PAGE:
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Antonio VIVALDI (1678 - 1741): "The French Connection 2"

Katy Bircher, transverse flutea; Gail Hennessy, oboeb; Peter Whelan, bassoonc; Adrian Chandler, violind
La Serenissima
Dir: Adrian Chandler

rec: Feb 8 - 11, 2011, Winchester, Hospital of St Cross
AVIE - AV 2218 (© 2011) (79'03")
Liner-notes: E/D/F
Cover & track-list

Concerto for bassoon, strings and bc in C (RV 473)c; Concerto for oboe, violin, strings and bc in F (RV 543)bd; Concerto for strings and bc in d minor (RV 127); Concerto for strings and bc in e minor (RV 133); Concerto for strings and bc in G (RV 150); Concerto for transverse flute, strings and bc in d minor 'Il Gran Mogol' (RV 431a)a; Concerto for transverse flute, strings and bc in a minor (RV 440)a; Concerto for transverse flute, 2 violins, bassoon and bc in g minor 'La Notte' (RV 104)ac; Concerto for violin, strings and bc in B flat (RV 365)d

Vivaldi is one of the most frequently-recorded composers these days. If you want to record his music and want to avoid the beaten path, what do you do? The answer from Adrian Chandler and La Serenissima is to look at Vivaldi's music from a thematic angle. The booklet for this CD lists the discs they have made over the years. One of the themes was "Vivaldi in Arcadia", and another "Music for the Chapel of the Pietà". This disc is the second devoted to "The French Connection". This title has to be taken with a grain of salt as their is no formal connection between Vivaldi and France. He was never in the service of a French court and never wrote music at the request of some French aristocrat. Chandler rather wants to shed light on French elements in Vivaldi's music.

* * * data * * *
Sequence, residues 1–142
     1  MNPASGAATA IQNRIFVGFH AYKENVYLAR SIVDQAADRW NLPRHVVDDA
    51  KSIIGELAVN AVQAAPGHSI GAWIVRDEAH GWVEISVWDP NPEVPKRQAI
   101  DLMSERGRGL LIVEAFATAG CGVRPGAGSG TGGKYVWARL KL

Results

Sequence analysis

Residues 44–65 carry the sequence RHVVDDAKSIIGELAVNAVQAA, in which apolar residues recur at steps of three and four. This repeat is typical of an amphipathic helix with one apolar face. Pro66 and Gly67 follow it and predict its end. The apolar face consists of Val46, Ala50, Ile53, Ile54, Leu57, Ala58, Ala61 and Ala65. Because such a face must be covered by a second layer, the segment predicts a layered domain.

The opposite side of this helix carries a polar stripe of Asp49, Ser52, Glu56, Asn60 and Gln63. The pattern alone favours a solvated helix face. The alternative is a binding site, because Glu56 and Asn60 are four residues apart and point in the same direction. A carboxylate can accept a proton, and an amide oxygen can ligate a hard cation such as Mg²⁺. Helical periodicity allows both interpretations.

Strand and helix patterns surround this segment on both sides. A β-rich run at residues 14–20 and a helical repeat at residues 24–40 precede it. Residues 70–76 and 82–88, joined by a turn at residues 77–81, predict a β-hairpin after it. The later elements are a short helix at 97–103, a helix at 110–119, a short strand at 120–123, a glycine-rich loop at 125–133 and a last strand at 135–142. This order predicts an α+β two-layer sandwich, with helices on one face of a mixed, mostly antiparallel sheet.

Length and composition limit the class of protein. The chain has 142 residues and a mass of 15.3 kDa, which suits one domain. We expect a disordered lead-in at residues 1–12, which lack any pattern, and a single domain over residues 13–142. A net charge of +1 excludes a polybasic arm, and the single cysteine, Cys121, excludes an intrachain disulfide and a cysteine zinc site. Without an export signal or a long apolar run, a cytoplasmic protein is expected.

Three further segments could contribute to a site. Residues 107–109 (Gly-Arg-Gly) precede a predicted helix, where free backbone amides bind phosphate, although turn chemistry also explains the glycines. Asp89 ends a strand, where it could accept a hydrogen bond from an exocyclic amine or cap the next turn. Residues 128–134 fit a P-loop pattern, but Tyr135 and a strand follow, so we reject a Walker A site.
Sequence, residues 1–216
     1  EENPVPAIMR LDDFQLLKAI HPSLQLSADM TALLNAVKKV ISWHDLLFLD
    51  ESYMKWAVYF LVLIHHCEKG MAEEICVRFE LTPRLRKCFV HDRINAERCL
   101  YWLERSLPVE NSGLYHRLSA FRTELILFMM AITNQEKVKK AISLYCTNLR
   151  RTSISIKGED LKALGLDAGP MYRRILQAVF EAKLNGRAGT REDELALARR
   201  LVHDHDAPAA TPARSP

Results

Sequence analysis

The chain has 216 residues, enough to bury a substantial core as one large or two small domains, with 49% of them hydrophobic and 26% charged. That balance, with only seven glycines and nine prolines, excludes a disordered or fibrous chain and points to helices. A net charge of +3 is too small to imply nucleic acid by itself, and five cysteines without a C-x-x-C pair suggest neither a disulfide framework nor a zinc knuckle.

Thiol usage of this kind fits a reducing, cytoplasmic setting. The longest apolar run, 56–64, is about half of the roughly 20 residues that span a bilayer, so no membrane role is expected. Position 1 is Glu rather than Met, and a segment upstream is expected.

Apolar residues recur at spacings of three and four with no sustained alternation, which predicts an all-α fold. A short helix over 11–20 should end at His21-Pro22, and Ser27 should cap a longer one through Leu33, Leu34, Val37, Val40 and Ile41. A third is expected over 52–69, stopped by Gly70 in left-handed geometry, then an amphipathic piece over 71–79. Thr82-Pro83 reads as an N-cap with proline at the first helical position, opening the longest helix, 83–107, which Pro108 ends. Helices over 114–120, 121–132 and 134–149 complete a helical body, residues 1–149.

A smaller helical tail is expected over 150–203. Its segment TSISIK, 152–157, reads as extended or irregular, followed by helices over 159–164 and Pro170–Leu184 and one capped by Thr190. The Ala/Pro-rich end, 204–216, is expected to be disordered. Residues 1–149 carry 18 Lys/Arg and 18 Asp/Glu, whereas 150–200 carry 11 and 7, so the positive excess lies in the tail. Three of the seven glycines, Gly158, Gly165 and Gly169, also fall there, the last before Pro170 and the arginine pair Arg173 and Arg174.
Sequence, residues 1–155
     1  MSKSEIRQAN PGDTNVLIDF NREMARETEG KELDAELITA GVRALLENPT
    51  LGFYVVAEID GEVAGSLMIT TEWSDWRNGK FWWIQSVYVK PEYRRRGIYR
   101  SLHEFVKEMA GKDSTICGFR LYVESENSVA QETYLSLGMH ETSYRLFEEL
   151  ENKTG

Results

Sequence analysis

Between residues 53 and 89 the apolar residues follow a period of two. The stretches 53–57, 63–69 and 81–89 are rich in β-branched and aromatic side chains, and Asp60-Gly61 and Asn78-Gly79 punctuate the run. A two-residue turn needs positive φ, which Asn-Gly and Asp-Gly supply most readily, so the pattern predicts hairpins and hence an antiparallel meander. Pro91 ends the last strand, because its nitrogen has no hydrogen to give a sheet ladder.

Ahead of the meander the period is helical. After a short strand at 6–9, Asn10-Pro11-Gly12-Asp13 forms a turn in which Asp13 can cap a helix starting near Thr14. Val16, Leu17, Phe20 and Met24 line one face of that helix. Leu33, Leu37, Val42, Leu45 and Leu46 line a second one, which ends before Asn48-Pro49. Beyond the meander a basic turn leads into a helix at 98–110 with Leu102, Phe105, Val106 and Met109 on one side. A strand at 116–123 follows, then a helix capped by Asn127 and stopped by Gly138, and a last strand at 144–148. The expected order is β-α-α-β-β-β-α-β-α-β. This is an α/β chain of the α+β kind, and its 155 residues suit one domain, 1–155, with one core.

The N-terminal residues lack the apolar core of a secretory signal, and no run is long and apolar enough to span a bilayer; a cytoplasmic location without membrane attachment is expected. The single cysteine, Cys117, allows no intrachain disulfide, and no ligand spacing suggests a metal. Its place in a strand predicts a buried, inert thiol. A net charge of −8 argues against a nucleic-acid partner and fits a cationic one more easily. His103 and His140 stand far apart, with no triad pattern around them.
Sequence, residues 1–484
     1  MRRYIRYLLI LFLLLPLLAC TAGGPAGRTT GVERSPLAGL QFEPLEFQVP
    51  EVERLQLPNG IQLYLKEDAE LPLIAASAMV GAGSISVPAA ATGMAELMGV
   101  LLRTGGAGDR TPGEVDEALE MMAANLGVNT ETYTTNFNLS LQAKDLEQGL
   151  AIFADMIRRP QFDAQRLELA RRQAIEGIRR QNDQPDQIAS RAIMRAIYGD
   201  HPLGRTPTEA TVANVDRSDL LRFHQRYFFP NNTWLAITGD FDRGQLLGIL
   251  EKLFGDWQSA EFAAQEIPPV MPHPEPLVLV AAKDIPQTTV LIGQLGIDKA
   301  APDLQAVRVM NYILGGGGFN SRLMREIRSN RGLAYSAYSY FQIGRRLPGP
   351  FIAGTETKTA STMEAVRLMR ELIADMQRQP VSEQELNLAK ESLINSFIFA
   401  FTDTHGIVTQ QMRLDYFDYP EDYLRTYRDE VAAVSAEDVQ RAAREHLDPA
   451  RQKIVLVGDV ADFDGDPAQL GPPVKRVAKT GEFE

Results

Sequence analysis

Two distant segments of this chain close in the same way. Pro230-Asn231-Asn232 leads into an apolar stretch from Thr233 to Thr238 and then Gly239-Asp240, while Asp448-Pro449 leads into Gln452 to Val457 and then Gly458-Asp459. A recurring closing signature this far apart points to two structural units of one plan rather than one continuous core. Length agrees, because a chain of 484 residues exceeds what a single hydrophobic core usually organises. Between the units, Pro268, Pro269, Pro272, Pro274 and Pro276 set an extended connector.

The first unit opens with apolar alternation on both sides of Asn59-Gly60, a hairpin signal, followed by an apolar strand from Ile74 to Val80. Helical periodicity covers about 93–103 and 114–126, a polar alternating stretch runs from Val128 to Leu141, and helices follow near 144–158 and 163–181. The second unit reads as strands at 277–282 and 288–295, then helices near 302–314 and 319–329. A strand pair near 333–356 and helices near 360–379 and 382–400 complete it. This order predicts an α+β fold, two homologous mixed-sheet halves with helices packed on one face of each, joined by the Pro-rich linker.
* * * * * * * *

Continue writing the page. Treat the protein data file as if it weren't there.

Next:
Everyone knows how strongly French composers of the early 18th century were under the influence of the Italian style. Music by Italian composers, and in particular by Vivaldi, was frequently performed in France, for instance in the Concert Spirituel. The influence of the French style in Italy is far less known. In his liner-notes Chandler refers to several traces of French influence in Italy, and especially in the oeuvre of Vivaldi. If there is a 'French connection' it could be a collection of concertos for strings and basso continuo which are referred to as the 'Paris' concertos. Chandler suggests that these could have been intended as a presentation set for a French nobleman.

In the booklet the French elements of every piece on the programme are listed. In particular elements of the French overture style are traceable. The second movement of the Concerto in F (RV 543) is entitled 'allegro alla francese'. The finale of this concerto is a minuet, and the Concerto in C (RV 473) even ends with a 'menuet en rondeau'. That is all very interesting, and Chandler could be right that these are deliberate references to the French style. At the same time it is quite possible that these elements had become so generally accepted that they were not experienced as specifically 'French'. How many music lovers or even composers of today think of Poland when they hear or play a polonaise? In the early 17th century Italian keyboard composers also wrote pieces 'alla francese'. But scholars can't identify exactly what is so French about them. Sometimes the connection seems rather far-fetched. According to the list the 'French connection' of the Concerto in d minor (RV 431a) is that the manuscript was written on French paper. Well...